Oftentimes the mechanics of power production and delivery are glossed over in the economic development process. Hoosier Energy and our distribution cooperatives put significant effort and expertise into delivering reliable power so you can focus on your own big picture and not have to worry about day-to-day electric service.
Equipping our partners with pieces of the utility industry puzzle helps to cultivate clear communication during the request for information (RFI) process for site selection and business expansion.
Rural electric cooperatives, such as Hoosier Energy and its member distribution co-ops, are not regulated by state entities. However, under both Indiana and Illinois state law, Public Service (or Utility) Commission members have the obligation to ensure the establishment and maintenance of utility services as required by the public suitability and necessity, and to make certain those services are provided at rates and conditions that are reasonable, just, and nondiscriminatory for all consumers. Oversight is provided by the Indiana Utility Regulatory Commission (IURC) and the Illinois Commerce Commission in their respective states.
Understanding the power system is no easy task. However, having an idea of where your power comes from and how it is delivered to the end consumer can help you gain a clearer picture of how that system can be a site location advantage.
The electric grid is a constant balancing act, and Midcontinent Independent System Operator (MISO) is the regional market where we buy and sell our power. Our power market team buys the power necessary to serve our 18 member systems and, once our demand is met, the team then sells our generation capacity back to the MISO market. This relationship gives us and other generation and transmission cooperatives equal access to the transmission grid and transparent pricing, directly improving and maintaining the efficiency of the power market and stability the system.
Since Hoosier Energy and our members are cooperative utilities, the rates we offer aren’t controlled by the various regulatory bodies in Indiana and Illinois. This adds tremendous flexibility to the process, because it allows us to quickly negotiate and approve changes, as opposed to the more time-consuming processes required for regulated utilities.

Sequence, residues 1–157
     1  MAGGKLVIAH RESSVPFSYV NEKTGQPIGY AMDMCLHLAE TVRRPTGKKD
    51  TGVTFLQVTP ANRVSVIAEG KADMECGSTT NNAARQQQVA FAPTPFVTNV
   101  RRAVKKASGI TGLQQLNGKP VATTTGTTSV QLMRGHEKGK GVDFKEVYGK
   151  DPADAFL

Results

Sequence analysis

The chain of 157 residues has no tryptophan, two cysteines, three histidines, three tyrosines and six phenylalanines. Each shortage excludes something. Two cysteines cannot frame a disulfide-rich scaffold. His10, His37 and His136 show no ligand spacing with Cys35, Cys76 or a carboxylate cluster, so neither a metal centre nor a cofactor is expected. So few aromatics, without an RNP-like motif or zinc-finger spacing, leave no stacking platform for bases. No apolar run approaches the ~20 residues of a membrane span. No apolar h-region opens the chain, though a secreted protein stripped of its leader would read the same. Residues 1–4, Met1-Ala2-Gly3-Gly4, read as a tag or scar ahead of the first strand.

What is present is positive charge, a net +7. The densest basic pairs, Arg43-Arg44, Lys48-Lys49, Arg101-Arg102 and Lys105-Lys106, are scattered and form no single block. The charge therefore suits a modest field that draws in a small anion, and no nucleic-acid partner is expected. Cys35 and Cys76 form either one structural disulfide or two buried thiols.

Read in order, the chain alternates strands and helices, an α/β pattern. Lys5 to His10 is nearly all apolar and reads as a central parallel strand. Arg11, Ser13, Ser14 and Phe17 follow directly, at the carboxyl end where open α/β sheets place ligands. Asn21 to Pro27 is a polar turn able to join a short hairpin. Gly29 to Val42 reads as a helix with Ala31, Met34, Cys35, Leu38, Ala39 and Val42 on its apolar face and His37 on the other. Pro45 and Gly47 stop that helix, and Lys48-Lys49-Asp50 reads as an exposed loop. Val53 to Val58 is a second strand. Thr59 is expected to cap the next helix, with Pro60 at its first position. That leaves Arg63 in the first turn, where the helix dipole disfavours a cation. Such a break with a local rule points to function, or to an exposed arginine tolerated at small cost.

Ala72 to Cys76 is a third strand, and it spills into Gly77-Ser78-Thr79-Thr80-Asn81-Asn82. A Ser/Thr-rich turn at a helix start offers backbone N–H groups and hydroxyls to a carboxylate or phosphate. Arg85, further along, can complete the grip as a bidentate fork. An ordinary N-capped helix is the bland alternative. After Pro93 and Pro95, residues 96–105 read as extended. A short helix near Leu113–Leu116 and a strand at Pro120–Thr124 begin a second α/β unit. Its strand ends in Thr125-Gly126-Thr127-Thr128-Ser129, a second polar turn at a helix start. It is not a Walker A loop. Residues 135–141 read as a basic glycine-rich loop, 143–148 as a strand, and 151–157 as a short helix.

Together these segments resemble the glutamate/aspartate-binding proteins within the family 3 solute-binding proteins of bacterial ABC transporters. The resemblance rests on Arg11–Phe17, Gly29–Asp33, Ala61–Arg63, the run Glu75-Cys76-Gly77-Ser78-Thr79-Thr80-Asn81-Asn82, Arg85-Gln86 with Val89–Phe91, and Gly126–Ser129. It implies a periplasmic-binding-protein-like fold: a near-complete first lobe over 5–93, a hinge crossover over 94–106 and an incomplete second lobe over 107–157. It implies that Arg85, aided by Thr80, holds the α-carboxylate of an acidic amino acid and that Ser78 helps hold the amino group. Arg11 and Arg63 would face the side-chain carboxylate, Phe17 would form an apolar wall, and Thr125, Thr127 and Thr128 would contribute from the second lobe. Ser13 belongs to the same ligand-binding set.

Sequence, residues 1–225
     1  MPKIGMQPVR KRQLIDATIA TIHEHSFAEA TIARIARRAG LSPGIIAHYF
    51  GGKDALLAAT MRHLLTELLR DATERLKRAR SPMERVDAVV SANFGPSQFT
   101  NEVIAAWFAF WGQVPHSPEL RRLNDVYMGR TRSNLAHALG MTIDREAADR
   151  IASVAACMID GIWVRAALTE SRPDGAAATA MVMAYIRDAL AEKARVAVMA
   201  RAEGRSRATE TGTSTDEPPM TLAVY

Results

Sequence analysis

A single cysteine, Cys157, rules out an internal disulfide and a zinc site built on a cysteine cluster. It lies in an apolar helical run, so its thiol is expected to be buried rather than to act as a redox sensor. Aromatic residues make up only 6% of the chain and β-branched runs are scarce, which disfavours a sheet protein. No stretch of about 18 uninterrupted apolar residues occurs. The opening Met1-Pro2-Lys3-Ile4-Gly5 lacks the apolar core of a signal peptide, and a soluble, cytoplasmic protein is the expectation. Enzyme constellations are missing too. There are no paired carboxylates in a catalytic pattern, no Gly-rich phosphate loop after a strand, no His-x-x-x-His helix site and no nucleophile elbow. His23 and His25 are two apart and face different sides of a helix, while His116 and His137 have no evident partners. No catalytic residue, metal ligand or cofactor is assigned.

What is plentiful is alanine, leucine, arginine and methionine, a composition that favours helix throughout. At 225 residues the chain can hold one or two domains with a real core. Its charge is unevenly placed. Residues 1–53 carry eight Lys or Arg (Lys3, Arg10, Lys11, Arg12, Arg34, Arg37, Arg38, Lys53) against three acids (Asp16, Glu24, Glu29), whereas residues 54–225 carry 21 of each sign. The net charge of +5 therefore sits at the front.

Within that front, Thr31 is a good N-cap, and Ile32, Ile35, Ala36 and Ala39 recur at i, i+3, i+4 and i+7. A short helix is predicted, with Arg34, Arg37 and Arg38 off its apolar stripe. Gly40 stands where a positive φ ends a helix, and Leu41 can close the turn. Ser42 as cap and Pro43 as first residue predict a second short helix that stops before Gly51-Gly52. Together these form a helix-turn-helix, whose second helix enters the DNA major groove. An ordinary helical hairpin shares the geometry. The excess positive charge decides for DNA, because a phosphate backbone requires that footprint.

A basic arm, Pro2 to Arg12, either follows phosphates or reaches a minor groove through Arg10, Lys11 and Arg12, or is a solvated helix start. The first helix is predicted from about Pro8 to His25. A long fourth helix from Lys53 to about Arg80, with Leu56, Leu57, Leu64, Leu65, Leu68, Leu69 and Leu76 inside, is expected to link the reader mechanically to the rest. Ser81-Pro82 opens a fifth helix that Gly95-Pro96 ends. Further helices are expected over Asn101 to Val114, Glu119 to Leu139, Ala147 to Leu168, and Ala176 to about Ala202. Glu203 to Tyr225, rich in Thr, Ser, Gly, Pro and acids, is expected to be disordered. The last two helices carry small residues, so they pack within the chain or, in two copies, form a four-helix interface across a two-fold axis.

Our economic development rider (EDR) program offers significant savings to new and expanding businesses in the service territories of our member cooperatives. Beginning with a 30% discount in the first year, the savings extend over the first six years of a new or expanding venture.
Eligibility for the economic development rider includes:
- 500KW minimum monthly demand
- Job creation and/or capital investment criteria
EDR or state/local incentives are a factor in the decision.
With project requests for information (RFIs), electric utilities often receive two main lines of inquiry:
- Is there capacity to serve the load?
- How much will the power cost?
For us to be able to answer these questions, we often need details on the potential customer’s power usage including:
- Amount of the electrical load (also referred to as demand, which is measured in kilowatts or megawatts) and/or energy needed (which is measured in kilowatt hours or megawatt hours).
- Nature of the electrical load (including such characteristics as load factor and power factor).
- Nature of the business or industry (how many hours of operation, types of equipment, etc.).
The cost of delivery is also impacted by the existing infrastructure in proximity to the site.
Our economic development team can bring a lot to the table during the corporate location process. Hoosier Energy aims to share our technical expertise with companies seeking to expand or relocate their corporate projects in our service territory. We can assist with finding the best place for you to do business and help you qualify for incentives, such as special economic development rider (EDR) discounts and more.
Reach out to our team today for more information.